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(From left) Farhan Zeb, Sumeet Sawlani, Varun Sharma, Shriya Bhatia and Zainab Fahad during a panel discussion on the third and final day of Gulf News EduFair in Shangri-La Hotel, Dubai, on Saturday. Image Credit: Ahmed Ramzan/Gulf News

Dubai: They are young and have achieved a lot, not as “traditional professionals” but by choosing offbeat careers in fast-growing sectors.

One is a certified financial consultant who became a social media manager and data analyst; another is an engineering graduate who shifted to sales and marketing; a third is a DJ and tech consultant; and the two others are social media influencer and yoga and fitness instructor.

These youth shared their experiences and how they overcame challenges in their respective careers to a rapt audience on the third and concluding day of Gulf News EduFair in Dubai on Saturday.

Farhan Zeb, 27, a social media manager and data analyst, said in today’s world, his career is in high demand. “The job description is new and employers will compete for you,” he said during a panel discussion.

His current career is not what he studied for in college. Zeb is a certified financial consultant and a Microsoft data analyst who has completed his Bachelor of Business Administration from Heriot-Watt University, and is currently pursuing a Master of Business Administration.

He is now using the knowledge he learned in data and business analytics to help manage social media platforms, with a specialisation in Instagram. He said his career is “irregular but it makes money and it is enjoyable”.

Visitors at the Shangri-La Hotel in Dubai on the third day of Gulf News EduFair on Saturday. Image Credit: Ahmed Ramzan/Gulf News

Zeb told students at Gulf News EduFair: “There are actually many jobs now that never existed some years ago. The challenge is to keep at pace with these changes.”

From engineering to sales

Sumeet Sawlani, 27, is sales director at Skyline International Real Estate. The engineering graduate started his career in real estate five years ago and is now managing a team of 35 real estate agents. His career has also brought him to various countries and he is now managing various investment portfolios.

Sawlani said it was daunting at first to venture into an unexplored field. “But I built my network. First it was my family and friends – then my connections grew. I paced myself and took one step at a time. I studied the market and worked all the way up,” he added.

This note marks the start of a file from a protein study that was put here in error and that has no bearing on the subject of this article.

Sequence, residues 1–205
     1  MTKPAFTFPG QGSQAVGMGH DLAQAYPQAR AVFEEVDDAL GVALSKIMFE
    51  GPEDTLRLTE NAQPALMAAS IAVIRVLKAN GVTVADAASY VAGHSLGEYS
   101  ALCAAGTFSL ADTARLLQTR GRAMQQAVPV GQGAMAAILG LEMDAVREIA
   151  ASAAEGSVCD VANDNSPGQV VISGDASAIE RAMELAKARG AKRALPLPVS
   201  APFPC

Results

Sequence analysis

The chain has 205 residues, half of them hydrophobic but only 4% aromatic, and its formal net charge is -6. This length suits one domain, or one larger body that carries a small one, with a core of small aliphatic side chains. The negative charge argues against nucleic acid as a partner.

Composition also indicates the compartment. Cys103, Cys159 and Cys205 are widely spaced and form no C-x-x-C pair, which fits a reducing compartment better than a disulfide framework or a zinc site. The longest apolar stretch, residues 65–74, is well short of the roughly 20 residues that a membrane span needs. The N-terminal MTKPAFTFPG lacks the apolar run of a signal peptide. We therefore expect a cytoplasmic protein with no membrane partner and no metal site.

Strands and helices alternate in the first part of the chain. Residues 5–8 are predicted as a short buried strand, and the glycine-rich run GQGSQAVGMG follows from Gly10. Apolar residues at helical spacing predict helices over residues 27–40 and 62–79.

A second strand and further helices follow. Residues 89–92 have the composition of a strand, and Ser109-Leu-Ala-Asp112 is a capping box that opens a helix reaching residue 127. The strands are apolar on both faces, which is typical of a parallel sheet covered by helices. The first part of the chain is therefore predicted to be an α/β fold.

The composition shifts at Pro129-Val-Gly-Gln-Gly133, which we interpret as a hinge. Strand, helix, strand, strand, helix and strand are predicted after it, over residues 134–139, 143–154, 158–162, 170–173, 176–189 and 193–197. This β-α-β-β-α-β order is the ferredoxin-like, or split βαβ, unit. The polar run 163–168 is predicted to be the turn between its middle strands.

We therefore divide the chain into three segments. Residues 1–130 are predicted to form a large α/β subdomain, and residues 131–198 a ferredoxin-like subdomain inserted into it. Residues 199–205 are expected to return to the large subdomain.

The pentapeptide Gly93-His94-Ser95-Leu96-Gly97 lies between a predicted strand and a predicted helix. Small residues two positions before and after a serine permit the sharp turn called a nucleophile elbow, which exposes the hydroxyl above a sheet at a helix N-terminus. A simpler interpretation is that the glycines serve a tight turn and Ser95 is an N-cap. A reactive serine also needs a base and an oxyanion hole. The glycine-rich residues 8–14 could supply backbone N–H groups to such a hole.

Visitors 3
Students and parents had their queries on higher education and careers answered first-hand by educators and experts at the three-day Gulf News EduFair 2021 that concluded in Dubai on Thursday. Image Credit: Ahmed Ramzan/Gulf News

Sawlani said the biggest requirement in his career is to build one’s credibility and to work hard. “The people will start talking about you and you will get many referrals. Now, I’m not only doing sales but also managing investment and specialist portfolios.”

DJ and tech

Varun Sharma, 26, is a DJ and co-founder of Laumière Gourmet Fruits, an e-commerce brand. Sharma said his parents were at first sceptical with his chosen career as a DJ. There was no job security and it was irregular. But he had an honest conversation with his parents and eventually got their support. He also continued with his academic studies.

Passion in fashion

Shriya Bhatia, 27, is a social media influencer who made a career out of her passion in fashion. She is also an event manager with top corporate clients. Her education is in the field of international business and marketing from American College of Dubai and her key areas of expertise are talent management, operations and artist management.

Bhatia has become a successful social media influencer and has participated in numerous campaigns with big retail and cosmetic brands. Her advice to aspiring social media influencers: “Go out and try – there are many opportunities”.

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Connection with people

Zainab Fahad, 28, yoga and fitness instructor, credited her success to being passionate about her work and working long hours. She used to work 14 hours a day. “It was really a struggle but you have to be consistent and establish rapport with your clients,” she added.

Fahad said establishing oneself as a yoga and fitness instructor would require sacrifices. At the onset, one should not think about the money. Her advice: “Take one course at a time and don’t give up. Manage your time and build your clients. Health and wellness is one of the sectors that really thrived during the pandemic.”